Improving Health & Medicine

Israeli Research on Fish’s Eye May Help Treat Kidney Stones, Gout

Xinhuanet • TAGS: Biology, Optics

JERUSALEM, July 19 (Xinhua) — An Israeli new study on the complexity of the structure of a fish’s eye could help treat kidney stones and gout disease, the Weizmann Institute of Science in Israel said Thursday.

The study focused on the sophisticated vision systems and the great precision and complexity of a zebrafish’​s eye iris.

The researchers wanted to know how the fish’s eye could block unwanted light, like the humans’, and how it can return the light as a mirror to create camouflage.

Using a computerized micro-tomography (microCT) system, the researchers obtained a comprehensive picture of the eye, and with a scanning electron microscope (cryo-SEM), they focused on the sections of the iris.

The researchers found three layers in the fish’s eye iris, each of which can return unwanted light with a different specific function.

The outer crystalline layer returns light mainly at blue and green wavelengths in the water, which are suitable for camouflage. The second layer discovered disperses the light, and the third one acts like a “black screen” that swallows the rays that managed to slip through the other two layers.

Understanding how fish controls the development of crystals in their eyes may help treat diseases such as gout and kidney stones, as crystals of a similar substance, known as uric acid, are formed in unwanted places in the cases of gout and kidney stones, the researchers said.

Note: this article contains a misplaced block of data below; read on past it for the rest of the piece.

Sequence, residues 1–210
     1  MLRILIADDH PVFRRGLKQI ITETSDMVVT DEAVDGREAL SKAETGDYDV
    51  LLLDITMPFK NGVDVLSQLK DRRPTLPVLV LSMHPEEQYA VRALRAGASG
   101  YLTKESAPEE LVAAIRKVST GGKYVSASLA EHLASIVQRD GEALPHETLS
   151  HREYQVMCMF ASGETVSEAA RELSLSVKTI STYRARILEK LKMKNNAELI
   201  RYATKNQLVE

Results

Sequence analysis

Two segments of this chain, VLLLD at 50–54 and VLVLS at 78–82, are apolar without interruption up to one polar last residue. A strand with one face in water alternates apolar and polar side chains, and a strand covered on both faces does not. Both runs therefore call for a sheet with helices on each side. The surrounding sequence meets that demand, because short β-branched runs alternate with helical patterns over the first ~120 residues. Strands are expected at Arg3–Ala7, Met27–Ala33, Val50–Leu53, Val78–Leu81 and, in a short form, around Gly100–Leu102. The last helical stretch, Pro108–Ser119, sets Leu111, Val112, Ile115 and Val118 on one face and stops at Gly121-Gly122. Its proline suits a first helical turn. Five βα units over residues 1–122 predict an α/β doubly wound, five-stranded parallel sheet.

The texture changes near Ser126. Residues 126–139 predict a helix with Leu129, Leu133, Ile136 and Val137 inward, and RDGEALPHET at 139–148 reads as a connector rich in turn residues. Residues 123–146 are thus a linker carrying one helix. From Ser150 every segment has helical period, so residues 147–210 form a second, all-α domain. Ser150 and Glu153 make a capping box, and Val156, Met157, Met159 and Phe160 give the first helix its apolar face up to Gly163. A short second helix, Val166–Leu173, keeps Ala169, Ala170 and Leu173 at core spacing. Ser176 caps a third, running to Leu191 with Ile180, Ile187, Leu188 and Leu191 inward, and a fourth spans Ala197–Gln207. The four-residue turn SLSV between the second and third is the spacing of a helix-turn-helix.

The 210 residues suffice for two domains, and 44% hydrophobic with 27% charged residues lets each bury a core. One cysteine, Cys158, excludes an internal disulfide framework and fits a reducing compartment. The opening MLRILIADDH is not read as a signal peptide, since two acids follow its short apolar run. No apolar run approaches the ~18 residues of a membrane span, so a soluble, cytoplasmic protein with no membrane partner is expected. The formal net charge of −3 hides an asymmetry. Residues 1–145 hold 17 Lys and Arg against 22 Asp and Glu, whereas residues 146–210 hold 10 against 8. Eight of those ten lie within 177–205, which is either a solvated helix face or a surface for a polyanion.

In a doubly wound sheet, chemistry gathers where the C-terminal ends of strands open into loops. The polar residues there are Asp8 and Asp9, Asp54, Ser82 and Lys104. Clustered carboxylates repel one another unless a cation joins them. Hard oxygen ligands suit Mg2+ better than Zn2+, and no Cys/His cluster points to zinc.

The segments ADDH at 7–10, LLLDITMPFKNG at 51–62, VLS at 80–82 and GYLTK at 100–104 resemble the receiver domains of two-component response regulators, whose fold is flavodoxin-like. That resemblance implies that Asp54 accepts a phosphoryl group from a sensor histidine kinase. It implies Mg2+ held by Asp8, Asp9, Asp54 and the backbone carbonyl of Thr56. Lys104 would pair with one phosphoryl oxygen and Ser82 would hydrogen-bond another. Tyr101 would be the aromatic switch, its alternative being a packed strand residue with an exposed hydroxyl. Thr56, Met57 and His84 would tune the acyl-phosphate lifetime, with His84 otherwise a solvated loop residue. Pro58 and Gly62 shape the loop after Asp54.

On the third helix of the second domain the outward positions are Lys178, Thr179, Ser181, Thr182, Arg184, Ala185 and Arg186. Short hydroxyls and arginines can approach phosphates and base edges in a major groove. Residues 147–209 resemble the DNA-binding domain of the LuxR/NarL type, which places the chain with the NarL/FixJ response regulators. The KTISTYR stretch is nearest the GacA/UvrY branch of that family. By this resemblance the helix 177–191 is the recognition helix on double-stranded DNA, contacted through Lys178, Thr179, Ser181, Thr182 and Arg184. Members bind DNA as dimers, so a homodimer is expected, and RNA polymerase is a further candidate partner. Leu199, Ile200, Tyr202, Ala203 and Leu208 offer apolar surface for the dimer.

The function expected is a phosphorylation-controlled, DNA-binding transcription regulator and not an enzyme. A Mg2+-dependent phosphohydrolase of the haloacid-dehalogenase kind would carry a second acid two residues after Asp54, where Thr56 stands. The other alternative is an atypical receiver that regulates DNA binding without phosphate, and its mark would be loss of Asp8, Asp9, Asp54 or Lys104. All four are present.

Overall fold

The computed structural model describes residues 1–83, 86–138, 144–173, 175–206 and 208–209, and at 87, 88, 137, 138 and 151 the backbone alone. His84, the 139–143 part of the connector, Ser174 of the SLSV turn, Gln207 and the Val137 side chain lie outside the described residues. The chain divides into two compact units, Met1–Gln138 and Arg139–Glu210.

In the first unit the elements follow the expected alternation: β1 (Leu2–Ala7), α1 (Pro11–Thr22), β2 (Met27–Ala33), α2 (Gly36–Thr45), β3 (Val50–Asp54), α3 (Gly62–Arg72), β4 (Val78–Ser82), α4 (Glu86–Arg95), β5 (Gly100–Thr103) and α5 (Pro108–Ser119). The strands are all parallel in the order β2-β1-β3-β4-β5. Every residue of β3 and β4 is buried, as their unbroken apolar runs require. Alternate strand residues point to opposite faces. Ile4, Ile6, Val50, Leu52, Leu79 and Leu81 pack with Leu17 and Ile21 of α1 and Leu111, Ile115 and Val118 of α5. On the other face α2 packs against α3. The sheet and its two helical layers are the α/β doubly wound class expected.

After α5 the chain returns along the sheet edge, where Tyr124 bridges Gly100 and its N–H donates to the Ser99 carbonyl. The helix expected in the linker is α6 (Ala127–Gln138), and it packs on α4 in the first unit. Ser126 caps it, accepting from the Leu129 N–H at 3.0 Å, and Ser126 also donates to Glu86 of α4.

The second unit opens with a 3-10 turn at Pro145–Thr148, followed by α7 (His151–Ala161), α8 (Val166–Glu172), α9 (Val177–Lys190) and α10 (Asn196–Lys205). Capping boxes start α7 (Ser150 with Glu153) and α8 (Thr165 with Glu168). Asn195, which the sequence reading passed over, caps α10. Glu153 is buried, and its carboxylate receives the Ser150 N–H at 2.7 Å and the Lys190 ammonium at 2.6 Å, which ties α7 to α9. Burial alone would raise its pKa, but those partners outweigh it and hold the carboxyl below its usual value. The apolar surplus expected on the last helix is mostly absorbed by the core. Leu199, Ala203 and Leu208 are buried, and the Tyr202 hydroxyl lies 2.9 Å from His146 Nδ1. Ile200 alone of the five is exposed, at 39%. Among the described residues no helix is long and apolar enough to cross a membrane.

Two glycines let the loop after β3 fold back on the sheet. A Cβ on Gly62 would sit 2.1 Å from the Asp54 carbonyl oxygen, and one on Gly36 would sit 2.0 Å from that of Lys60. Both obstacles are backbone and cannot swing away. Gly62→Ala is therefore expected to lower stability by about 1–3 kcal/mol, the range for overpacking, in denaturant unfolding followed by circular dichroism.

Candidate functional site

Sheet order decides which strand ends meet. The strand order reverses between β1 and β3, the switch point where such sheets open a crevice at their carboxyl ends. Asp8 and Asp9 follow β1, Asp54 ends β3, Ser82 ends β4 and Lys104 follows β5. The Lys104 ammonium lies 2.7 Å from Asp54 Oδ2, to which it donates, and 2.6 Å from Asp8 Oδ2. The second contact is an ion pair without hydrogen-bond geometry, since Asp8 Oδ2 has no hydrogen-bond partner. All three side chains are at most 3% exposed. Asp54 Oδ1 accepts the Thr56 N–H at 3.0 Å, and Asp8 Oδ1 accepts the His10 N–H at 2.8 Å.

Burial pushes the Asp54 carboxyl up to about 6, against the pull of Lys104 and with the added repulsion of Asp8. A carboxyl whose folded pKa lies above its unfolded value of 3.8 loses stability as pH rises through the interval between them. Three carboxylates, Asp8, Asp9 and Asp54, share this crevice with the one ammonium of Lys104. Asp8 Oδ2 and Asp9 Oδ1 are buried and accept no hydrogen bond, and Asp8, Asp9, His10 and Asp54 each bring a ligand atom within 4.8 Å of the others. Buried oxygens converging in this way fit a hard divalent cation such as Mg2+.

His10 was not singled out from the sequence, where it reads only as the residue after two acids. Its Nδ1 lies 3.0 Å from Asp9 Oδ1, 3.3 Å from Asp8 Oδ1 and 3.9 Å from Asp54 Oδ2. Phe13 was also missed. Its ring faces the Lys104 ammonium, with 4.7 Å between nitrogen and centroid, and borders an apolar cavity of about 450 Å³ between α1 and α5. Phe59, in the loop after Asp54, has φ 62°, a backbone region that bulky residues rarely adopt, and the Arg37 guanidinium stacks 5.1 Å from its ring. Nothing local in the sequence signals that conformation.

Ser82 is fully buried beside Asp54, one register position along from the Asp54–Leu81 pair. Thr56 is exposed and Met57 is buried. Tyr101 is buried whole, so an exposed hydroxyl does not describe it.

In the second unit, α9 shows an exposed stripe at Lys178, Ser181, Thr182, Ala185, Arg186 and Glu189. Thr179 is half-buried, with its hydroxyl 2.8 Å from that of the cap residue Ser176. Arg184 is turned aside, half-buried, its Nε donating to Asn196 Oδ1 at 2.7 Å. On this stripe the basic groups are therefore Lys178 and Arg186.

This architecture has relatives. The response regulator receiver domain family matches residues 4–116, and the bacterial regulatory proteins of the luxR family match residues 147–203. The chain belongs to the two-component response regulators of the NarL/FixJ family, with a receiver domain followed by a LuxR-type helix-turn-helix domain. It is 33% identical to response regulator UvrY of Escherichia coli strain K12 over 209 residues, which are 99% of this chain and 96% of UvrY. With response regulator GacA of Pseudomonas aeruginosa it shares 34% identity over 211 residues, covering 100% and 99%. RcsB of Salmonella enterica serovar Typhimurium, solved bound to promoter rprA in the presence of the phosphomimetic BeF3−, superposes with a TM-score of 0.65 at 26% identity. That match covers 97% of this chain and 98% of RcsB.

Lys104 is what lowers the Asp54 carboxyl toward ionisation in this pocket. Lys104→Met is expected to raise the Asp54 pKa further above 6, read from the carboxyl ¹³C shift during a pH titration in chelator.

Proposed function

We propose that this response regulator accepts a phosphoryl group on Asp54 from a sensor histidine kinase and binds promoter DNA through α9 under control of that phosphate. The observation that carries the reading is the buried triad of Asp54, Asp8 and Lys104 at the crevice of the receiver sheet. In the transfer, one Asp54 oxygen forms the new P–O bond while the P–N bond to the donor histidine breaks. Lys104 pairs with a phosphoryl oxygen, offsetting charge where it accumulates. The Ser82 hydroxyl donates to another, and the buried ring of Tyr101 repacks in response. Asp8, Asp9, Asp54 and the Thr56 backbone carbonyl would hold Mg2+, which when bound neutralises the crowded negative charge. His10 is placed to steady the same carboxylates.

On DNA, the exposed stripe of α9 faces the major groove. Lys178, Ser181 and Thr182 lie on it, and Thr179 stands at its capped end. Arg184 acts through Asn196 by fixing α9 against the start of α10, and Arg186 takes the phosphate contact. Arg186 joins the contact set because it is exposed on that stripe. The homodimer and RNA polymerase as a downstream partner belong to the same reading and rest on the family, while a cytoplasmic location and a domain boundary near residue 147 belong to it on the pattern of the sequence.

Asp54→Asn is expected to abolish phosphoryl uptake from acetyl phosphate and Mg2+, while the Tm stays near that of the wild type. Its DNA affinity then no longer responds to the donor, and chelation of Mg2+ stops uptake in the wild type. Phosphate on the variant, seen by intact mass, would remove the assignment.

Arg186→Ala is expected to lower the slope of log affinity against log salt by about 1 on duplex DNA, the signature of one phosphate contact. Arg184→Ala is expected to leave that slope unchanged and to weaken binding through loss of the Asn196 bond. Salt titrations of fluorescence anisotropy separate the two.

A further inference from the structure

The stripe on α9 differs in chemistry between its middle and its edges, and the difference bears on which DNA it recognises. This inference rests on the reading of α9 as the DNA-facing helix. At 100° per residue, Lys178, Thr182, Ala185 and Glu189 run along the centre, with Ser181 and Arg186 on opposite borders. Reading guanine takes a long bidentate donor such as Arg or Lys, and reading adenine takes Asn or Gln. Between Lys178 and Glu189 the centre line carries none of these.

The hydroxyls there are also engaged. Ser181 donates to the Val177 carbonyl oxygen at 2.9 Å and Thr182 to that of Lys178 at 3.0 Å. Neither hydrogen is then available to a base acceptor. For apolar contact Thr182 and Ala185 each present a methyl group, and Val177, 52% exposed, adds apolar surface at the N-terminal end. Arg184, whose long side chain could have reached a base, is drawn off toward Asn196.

Improving Health & Medicine

Israeli Research on Fish’s Eye May Help Treat Kidney Stones, Gout

Xinhuanet • TAGS: Biology, Optics

JERUSALEM, July 19 (Xinhua) — An Israeli new study on the complexity of the structure of a fish’s eye could help treat kidney stones and gout disease, the Weizmann Institute of Science in Israel said Thursday.

The study focused on the sophisticated vision systems and the great precision and complexity of a zebrafish’​s eye iris.

The researchers wanted to know how the fish’s eye could block unwanted light, like the humans’, and how it can return the light as a mirror to create camouflage.

Using a computerized micro-tomography (microCT) system, the researchers obtained a comprehensive picture of the eye, and with a scanning electron microscope (cryo-SEM), they focused on the sections of the iris.

The researchers found three layers in the fish’s eye iris, each of which can return unwanted light with a different specific function.

The outer crystalline layer returns light mainly at blue and green wavelengths in the water, which are suitable for camouflage. The second layer discovered disperses the light, and the third one acts like a “black screen” that swallows the rays that managed to slip through the other two layers.

Understanding how fish controls the development of crystals in their eyes may help treat diseases such as gout and kidney stones, as crystals of a similar substance, known as uric acid, are formed in unwanted places in the cases of gout and kidney stones, the researchers said.